Voice assistants have come a long way over the last few years, from an often-confused voice in your smartphone to touch-screen smart displays that can connect you to friends and information in a snap.
The first Amazon Echo Show added an interactive screen to Amazon’s Alexa voice assistant, and we were so impressed by this year’s redesigned Echo Show we gave it an Editors’ Choice. Google Assistant has seen some progress with smart displays from third parties, like the JBL Link View and Lenovo Smart Display, but we haven’t seen a Google-made device with a touch screen until now.
Enter the Google Home Hub, announced alongside the Pixel 3 and Pixel Slate. It sports a 7-inch touch screen, a speaker, and far-field microphone array to let you use Google Assistant. JBL and Lenovo’s attempts at this have been solid, but now it’s Google’s turn.
Let’s see how these first-party smart displays compare. And while we’re at it, let’s throw in the Amazon Echo Spot, considering it’s closer in price to the Hub than the Show and also earned an Editors’ Choice from us.
Google Assistant vs. Amazon Alexa
Google Home devices use Google Assistant as a voice assistant, while the Amazon devices use Alexa. Both have seen some major upgrades over the years, but they’re also still a work in progress.
Google Assistant is much better than Alexa at parsing natural language. Amazon’s voice assistant is picky with syntax, though it has gotten better with steady updates. Google Assistant doesn’t get confused by wording as easily as Alexa, so you can speak more naturally and not have to worry as much about phrasing your command properly.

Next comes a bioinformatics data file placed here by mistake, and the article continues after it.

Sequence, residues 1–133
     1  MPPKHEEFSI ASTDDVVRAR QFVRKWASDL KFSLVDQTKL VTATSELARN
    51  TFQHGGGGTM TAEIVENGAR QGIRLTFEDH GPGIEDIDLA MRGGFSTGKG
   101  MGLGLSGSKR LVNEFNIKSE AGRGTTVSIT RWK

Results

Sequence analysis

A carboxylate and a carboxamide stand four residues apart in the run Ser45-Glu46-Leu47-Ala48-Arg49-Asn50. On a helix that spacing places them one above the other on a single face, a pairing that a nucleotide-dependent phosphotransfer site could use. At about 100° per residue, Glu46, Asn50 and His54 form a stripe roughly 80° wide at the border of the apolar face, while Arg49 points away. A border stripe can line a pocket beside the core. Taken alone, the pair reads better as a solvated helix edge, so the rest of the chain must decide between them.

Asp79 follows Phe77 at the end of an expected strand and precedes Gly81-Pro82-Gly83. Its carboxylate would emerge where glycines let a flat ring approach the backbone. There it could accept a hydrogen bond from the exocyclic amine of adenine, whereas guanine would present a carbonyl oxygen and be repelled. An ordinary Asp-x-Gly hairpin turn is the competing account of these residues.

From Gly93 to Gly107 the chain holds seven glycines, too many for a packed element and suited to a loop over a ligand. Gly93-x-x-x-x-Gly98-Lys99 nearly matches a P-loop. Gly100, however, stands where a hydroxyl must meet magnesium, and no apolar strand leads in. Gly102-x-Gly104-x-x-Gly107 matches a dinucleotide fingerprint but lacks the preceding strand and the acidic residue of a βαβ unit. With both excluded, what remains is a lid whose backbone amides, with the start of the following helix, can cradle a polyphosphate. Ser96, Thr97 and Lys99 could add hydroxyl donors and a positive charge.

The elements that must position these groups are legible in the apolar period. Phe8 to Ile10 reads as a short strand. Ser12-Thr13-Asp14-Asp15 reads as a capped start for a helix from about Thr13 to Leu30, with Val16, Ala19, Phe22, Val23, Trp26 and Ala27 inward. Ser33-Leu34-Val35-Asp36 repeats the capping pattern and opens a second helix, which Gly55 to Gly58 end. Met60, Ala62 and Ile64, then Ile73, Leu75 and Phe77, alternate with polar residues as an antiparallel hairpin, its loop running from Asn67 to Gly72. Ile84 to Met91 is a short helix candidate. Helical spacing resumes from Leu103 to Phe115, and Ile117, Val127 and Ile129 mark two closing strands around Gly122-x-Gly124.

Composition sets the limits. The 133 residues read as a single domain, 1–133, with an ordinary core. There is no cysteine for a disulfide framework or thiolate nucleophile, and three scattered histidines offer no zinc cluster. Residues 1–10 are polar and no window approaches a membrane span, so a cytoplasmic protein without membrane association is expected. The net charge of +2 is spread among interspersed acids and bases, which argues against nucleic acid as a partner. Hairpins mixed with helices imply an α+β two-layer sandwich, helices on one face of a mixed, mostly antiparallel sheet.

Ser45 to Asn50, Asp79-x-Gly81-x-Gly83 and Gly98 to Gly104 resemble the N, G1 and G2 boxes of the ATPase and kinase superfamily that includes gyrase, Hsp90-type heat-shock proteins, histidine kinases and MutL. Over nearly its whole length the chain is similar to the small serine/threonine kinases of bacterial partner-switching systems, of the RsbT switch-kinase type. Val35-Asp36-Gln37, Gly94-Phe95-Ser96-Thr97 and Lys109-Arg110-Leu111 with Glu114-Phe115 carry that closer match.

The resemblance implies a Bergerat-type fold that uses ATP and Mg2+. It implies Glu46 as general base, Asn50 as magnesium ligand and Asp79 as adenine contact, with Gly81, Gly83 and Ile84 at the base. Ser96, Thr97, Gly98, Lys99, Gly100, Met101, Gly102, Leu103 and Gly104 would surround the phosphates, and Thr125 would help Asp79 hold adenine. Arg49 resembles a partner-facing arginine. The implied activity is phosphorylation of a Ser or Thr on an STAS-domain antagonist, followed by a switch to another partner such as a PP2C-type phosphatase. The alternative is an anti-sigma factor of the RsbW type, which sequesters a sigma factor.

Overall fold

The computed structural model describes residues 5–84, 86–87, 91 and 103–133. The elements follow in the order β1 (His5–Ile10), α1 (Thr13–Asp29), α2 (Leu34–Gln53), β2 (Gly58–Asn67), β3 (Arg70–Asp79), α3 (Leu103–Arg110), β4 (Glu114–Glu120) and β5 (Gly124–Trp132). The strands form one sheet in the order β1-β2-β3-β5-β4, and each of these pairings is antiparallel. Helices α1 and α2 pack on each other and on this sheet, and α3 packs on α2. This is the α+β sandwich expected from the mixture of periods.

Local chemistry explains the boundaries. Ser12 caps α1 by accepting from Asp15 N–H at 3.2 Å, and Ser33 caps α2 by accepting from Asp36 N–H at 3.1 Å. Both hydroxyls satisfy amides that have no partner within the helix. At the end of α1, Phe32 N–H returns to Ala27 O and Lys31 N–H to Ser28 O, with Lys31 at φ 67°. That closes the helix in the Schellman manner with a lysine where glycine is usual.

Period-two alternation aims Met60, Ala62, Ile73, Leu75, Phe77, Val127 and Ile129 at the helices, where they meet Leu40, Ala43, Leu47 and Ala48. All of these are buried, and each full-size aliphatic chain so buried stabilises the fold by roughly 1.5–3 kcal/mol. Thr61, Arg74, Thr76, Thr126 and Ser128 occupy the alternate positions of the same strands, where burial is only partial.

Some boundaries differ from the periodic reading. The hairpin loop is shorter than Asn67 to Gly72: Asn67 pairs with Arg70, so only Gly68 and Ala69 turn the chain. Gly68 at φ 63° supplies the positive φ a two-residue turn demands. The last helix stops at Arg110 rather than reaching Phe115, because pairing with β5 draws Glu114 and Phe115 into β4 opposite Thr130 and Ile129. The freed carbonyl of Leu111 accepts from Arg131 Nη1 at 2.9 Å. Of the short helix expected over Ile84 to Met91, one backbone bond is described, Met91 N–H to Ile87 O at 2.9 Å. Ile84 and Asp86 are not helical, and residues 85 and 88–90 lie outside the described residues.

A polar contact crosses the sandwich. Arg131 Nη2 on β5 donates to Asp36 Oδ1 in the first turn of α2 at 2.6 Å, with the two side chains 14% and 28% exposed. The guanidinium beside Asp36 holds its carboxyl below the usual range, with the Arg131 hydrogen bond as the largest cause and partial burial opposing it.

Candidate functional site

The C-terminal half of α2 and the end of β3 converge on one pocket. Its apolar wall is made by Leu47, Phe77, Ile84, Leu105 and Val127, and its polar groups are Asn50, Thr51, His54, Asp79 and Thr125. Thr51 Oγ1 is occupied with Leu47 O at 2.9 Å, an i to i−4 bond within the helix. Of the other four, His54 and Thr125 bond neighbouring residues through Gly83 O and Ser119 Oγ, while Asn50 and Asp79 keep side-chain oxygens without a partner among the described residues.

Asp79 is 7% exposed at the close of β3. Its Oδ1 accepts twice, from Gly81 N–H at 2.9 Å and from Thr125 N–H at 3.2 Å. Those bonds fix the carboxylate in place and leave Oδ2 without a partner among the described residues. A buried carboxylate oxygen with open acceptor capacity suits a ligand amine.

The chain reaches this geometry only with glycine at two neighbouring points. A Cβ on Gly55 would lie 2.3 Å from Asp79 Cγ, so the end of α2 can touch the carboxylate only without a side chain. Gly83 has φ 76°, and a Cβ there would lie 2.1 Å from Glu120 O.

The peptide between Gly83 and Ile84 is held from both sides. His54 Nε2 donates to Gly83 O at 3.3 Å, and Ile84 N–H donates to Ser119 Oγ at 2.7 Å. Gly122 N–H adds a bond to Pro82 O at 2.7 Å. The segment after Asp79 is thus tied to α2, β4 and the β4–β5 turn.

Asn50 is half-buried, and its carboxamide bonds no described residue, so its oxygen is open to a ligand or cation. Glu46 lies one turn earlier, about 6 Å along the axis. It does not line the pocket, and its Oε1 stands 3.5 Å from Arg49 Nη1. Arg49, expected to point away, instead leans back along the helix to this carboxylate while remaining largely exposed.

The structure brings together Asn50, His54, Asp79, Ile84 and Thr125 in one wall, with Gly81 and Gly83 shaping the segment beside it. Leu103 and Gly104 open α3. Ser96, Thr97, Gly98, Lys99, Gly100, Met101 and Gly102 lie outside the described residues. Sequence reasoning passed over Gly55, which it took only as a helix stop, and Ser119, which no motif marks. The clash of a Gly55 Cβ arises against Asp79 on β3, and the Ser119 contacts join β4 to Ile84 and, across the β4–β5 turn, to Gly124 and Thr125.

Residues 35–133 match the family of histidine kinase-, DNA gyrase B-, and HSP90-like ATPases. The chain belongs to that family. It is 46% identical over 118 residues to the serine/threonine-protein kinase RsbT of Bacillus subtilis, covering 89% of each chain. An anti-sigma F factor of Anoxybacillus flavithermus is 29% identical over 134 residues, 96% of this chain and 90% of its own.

Alexa has much more robust third-party support, with thousands of skills that can be enabled to perform specific tasks, like ordering a pizza or telling a story. You can also make your own simple Alexa skills easily with Alexa Blueprints.
Google Assistant isn’t quite as open as Alexa when it comes to outside development. Alexa also supports many more smart home devices for voice control than Google Assistant, though both cover the big names like Philips Hue lights and Nest thermostats, and even get live video from connected security cameras and video doorbells.
For sheer size, the new Echo Show wins handily with its 10-inch touch screen. The Home Hub’s 7-inch touch screen is notably smaller than the Echo Show’s, or even the screens on the 8-inch JBL Link View and both the Lenovo Smart Displays (8- and 10-inch).
Google hasn’t announced the resolution of the Home Hub’s screen, but if it has a 720p resolution or anything close to the Echo Show’s 1,280-by-800 screen, the smaller size could work to its advantage with a sharper picture. The Echo Spot, of course, comes in last with its 2.5-inch screen and 480-by-480 resolution.
Google isn’t very specific about the Home Hub’s speaker, except that it’s a “full range speaker.” It might sound fine, but considering the Echo Show’s redesigned 2-inch, 10-watt stereo drivers are impressively powerful for any speaker in its price range (even with some unusually extreme sculpting), it’s unlikely the Home Hub’s presumably single driver will be nearly as loud.